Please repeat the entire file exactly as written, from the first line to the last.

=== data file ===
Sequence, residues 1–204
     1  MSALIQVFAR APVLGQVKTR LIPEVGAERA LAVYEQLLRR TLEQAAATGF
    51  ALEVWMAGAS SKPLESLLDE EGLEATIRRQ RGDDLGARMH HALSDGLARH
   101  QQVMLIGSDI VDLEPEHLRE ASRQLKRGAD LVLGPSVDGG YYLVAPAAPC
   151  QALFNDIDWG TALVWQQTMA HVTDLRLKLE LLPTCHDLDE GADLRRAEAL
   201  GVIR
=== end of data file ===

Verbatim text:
Sequence, residues 1–204
     1  MSALIQVFAR APVLGQVKTR LIPEVGAERA LAVYEQLLRR TLEQAAATGF
    51  ALEVWMAGAS SKPLESLLDE EGLEATIRRQ RGDDLGARMH HALSDGLARH
   101  QQVMLIGSDI VDLEPEHLRE ASRQLKRGAD LVLGPSVDGG YYLVAPAAPC
   151  QALFNDIDWG TALVWQQTMA HVTDLRLKLE LLPTCHDLDE GADLRRAEAL
   201  GVIR